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Article
June 1929

THE PRESENT STATUS OF INTRANASAL OPERATIONS FOR THE RELIEF OF INVOLVEMENT OF THE OPTIC NERVE

Arch Otolaryngol. 1929;9(6):637-644. doi:10.1001/archotol.1929.00620030669006
Abstract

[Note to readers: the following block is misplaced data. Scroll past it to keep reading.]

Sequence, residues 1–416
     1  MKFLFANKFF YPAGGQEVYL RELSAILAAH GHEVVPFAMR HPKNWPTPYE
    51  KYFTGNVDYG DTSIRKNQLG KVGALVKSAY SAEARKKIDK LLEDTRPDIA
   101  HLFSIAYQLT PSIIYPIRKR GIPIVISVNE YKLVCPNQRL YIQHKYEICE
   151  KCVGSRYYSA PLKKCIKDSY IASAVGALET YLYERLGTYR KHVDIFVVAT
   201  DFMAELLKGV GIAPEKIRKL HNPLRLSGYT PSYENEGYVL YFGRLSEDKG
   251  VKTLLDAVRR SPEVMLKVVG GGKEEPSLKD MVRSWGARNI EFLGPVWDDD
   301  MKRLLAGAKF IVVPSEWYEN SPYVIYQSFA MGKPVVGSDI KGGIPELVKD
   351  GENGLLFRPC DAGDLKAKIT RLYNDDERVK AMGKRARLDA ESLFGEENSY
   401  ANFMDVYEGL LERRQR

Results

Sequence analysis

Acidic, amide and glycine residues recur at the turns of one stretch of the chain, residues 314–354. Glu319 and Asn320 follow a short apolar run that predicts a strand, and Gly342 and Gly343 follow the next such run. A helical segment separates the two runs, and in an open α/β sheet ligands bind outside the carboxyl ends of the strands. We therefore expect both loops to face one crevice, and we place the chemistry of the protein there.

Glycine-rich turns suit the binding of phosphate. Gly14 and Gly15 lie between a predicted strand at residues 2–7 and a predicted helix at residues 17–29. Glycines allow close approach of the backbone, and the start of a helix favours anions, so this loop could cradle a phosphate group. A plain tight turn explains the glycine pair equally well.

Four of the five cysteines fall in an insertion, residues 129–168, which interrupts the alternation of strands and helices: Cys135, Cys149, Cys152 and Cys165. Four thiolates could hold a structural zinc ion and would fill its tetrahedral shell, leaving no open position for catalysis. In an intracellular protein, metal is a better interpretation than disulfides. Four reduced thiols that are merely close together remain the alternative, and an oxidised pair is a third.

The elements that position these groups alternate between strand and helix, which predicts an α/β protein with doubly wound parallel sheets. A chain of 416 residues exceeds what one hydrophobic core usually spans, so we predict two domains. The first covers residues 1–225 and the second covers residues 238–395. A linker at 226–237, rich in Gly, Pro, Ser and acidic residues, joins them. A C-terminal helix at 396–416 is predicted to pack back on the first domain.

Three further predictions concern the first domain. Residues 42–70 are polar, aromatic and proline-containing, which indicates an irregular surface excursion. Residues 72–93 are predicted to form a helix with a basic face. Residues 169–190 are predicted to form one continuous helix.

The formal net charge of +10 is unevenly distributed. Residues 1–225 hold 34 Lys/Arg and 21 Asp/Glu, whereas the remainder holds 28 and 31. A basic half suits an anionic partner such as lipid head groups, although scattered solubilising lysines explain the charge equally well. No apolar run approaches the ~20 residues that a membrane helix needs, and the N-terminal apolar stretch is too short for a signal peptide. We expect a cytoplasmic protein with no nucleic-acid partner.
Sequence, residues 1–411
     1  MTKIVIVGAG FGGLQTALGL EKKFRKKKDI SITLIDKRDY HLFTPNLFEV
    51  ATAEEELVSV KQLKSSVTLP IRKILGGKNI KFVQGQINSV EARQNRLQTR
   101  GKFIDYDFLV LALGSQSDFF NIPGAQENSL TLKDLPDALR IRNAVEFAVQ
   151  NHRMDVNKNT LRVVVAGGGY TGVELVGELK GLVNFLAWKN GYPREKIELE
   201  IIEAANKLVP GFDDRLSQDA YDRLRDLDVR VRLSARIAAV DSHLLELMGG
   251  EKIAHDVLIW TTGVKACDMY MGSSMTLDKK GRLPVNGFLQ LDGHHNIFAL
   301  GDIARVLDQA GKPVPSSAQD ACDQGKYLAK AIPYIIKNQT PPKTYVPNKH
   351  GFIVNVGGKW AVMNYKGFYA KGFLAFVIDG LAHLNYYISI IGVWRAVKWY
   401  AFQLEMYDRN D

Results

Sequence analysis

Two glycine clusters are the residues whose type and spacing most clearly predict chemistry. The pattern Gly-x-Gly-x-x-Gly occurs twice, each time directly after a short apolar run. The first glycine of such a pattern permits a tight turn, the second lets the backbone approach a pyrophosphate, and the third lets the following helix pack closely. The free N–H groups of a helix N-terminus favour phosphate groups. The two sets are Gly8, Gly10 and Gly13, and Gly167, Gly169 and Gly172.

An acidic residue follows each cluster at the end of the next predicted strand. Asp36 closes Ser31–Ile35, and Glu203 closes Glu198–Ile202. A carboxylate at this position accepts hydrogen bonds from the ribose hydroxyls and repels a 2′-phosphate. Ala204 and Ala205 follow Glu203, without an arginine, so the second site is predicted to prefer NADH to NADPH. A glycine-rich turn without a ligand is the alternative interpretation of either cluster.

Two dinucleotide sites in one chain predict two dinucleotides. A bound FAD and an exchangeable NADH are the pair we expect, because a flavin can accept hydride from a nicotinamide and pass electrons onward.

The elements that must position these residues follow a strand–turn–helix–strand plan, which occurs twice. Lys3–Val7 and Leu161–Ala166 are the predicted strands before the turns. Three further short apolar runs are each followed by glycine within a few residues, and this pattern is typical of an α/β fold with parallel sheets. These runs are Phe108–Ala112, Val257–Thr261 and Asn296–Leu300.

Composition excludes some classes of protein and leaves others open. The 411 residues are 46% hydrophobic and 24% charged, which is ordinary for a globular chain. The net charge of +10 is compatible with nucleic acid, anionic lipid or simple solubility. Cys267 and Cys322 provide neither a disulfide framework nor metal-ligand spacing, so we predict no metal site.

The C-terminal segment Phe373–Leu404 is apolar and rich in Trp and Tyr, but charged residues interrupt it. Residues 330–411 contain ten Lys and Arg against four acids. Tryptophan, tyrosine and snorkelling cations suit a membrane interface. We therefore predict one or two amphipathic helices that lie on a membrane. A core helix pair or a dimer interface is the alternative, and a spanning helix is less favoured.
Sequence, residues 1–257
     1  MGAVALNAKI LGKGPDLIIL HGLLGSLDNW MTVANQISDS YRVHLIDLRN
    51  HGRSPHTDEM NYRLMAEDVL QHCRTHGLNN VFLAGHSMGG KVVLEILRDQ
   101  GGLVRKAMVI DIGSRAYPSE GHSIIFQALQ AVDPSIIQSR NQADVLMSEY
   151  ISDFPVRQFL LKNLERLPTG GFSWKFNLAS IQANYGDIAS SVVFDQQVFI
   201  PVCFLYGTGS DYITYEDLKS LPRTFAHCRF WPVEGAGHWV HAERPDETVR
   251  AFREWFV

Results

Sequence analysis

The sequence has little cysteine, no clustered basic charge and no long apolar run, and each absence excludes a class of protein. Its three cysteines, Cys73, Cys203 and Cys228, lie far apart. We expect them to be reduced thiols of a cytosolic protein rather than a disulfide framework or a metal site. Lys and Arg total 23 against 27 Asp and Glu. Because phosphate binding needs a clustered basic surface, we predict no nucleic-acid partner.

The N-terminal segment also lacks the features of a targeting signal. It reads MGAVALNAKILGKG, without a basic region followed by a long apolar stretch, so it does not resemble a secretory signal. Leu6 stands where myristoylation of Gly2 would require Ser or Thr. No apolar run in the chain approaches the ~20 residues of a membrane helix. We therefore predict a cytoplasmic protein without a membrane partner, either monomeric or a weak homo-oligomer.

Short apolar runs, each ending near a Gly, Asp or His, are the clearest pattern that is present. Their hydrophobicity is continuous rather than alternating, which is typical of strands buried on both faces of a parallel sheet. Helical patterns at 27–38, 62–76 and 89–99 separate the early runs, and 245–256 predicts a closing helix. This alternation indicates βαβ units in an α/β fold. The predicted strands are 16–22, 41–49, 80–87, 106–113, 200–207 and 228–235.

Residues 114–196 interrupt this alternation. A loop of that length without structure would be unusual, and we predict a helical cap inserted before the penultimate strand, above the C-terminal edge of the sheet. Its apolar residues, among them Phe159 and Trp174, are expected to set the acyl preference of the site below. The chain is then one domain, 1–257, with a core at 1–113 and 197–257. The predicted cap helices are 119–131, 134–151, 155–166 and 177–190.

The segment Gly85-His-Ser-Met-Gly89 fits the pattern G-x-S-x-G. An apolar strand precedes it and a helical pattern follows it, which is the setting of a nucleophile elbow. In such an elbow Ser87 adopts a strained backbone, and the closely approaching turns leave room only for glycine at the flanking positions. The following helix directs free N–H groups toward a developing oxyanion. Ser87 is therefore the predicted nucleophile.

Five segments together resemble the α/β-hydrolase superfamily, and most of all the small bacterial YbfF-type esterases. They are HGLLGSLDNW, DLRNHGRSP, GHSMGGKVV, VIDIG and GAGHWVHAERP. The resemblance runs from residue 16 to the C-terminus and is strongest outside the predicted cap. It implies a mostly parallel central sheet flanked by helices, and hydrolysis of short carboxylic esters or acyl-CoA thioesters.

Since those remote days—"l'âge de pierre de rhinologie"1—when operation on the sphenoid sinus was first considered impossible and later frightfully dangerous, the tide of optimism respecting surgical results has been subjected to many fluctuations, and much wreckage litters these stormy shores. Ethmoid and sphenoid sinuses alike have suffered from the attacks of overenthusiastic and underskilled operators, who have had little experience with cadavers and less radiologic study and who have torn blindly through middle turbinates and scrambled up a suppurating, unrecognizable mass of cellular débris. Too frequently nasal operation has been advised when other sources of toxic irritation to the optic nerve—tobacco, alcohol, multiple sclerosis, syphilis, the teeth, tonsils, gallbladder and the prostate—have passed unconsidered. Certain observers have maintained that from 50 to 80 per cent of patients with acute optic neuritis will get well untreated except by ocular rest and proper diet in the absence

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